voltage, which causes currents in excess of 200 mA to flow (in telecom,
with -48 battery everywhere, this is a real concern, as it is instant
death to short to -48V!!!!).

Next, Xilinx abs max specs are perhaps different from some of our
competition: they are the limits at which there is no damage, or
reliability concerns (ie at these extremes, less than 0.1% of the parts
will fail after 20 years under these conditions).

Often, manufacturers use the "abs max" as where the damage exceeds the
0.1%/year at end of life, as it looks so much better (it makes their
parts appear more robust, when they are not that robust at all -- we all
use a standard foundry process, and all use similar design rules, so we
all have really the similar behavior when it comes to overstress,
reliability and failure).

TANSTAFL

Austin
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  #6 (permalink)  
Old 11-08-2007, 04:39 PM
John_H
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Posts: n/a
Default Re: Maximum current drive according to datasheet ?!

<[email protected]> wrote in message
news:[email protected] oups.com...
>
> I don't want actually to drive a load with 100mA;the thing is that I
> will connect different boards on this board with the FPGA. I want to
> protect the FPGA output pins from short-circuits to GND, without
> effecting the maximum datatransfer (100 MHz). The simplest solution I
> found is connecting a series resistor. The question now is what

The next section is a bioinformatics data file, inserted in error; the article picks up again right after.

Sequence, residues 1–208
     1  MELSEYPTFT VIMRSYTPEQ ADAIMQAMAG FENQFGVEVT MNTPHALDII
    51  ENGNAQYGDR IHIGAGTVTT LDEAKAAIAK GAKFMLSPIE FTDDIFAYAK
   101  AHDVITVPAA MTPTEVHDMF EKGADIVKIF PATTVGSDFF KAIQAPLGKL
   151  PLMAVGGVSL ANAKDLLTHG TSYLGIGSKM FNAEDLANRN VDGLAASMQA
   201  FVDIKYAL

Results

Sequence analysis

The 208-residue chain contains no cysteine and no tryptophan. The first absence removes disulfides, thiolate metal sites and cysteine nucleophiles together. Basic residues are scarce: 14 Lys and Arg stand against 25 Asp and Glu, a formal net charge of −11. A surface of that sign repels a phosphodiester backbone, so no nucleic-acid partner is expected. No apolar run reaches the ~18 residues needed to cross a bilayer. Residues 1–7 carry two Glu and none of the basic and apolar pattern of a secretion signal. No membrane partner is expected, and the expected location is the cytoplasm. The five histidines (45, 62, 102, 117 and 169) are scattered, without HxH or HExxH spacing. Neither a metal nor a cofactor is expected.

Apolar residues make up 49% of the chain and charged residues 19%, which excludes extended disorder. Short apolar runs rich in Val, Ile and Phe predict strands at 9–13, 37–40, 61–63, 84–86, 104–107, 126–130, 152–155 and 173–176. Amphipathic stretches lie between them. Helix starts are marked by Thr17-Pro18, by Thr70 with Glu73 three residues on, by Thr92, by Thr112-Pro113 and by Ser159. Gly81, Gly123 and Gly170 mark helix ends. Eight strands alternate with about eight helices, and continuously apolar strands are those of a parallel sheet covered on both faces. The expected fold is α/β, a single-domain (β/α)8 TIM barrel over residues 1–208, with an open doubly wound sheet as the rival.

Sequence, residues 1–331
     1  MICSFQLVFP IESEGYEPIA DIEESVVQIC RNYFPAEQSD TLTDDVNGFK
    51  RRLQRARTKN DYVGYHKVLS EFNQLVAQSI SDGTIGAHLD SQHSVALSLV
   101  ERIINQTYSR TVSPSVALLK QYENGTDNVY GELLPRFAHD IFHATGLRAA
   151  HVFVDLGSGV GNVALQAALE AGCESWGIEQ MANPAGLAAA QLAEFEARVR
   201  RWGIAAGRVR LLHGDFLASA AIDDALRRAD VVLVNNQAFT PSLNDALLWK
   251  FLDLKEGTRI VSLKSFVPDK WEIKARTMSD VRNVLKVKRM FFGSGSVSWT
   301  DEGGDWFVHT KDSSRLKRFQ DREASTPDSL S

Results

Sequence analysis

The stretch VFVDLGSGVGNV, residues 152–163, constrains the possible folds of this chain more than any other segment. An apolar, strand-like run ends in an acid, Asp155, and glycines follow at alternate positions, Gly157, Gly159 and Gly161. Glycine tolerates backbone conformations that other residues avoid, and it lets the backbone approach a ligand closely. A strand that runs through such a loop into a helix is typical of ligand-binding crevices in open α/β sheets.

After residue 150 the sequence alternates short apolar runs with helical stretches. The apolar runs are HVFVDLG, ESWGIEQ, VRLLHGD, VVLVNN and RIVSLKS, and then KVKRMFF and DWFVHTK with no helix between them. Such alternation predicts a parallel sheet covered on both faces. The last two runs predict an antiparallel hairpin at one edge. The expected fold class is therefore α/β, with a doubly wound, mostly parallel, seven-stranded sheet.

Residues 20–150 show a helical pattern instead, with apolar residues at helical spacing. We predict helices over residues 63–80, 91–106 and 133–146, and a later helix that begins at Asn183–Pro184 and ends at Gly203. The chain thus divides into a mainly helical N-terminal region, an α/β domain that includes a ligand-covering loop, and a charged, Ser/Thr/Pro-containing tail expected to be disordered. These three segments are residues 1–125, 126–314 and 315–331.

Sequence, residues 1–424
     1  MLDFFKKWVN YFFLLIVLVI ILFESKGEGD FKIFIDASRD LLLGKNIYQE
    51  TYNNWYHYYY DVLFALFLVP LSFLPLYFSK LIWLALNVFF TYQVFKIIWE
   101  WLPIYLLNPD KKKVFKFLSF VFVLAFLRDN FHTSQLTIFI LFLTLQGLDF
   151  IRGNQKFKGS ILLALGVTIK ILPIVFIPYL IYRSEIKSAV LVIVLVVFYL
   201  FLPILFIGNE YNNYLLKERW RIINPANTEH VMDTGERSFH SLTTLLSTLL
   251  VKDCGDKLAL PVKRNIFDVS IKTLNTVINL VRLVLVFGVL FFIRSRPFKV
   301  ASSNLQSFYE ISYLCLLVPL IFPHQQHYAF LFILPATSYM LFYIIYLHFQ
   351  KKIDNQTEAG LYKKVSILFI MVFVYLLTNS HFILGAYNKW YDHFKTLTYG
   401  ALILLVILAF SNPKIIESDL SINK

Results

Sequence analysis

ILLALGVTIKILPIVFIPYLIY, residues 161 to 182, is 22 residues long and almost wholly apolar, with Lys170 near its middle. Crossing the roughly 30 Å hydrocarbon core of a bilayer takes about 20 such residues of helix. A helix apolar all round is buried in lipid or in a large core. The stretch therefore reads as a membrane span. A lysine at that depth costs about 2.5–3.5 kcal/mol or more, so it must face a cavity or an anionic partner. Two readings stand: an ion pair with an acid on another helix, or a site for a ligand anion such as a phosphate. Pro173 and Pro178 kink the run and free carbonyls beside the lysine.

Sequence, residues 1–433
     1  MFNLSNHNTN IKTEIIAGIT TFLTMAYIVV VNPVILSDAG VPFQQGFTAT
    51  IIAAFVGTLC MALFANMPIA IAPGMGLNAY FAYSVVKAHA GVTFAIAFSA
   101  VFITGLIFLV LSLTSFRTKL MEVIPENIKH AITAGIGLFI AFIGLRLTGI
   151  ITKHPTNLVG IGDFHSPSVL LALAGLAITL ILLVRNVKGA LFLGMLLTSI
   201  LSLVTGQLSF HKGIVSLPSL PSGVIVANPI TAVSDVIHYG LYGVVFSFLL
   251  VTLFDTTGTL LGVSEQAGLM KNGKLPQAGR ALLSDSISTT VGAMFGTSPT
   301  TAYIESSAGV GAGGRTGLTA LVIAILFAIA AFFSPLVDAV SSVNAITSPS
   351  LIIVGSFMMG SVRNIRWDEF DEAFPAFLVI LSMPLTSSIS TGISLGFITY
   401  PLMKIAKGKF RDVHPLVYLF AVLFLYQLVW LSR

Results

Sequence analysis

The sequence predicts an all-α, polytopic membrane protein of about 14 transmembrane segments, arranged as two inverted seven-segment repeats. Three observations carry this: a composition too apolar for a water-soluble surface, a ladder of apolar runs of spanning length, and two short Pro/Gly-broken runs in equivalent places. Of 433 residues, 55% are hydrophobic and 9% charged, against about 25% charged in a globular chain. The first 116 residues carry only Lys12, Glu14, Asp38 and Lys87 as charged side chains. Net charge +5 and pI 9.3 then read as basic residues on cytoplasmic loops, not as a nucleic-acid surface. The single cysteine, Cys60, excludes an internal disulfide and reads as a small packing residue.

> resistor value should I use. If I used a resistor as high as 150 Ohm
> (~3.3V/24ma) I might not be able to transfer data rate up to 100 MHz.
> Yous see what my problem is!
>
> JJ


If you want to spend time protecting your design from short-circuited pins,
consider a different approach: make your outputs I/O signals. Monitor the
output levels as detected by the inputs. If the signal is truly grounded, a
high output drive won't bring the voltage level above threshold under DC
drive. A similar argument works for shorts to VCC. While the expected
output state and the corresponding input are typicall off by a couple
nanoseconds, the signal level should always be established at the next clock
for slow clocks and within 2 periods for faster clocks that are expected to
establish their level at the receiver within the 1 clock period.

You end up without compromise on your connection speed and can offer a fault
monitor to the user. Check with your manufacturer, but the absolute
maximums should be for the DC case, not the temporary short for a couple
clocks; my understanding is that modern FPGAs can drive those direct shorts
for a period of time with no issues - it's the extended drive that can cause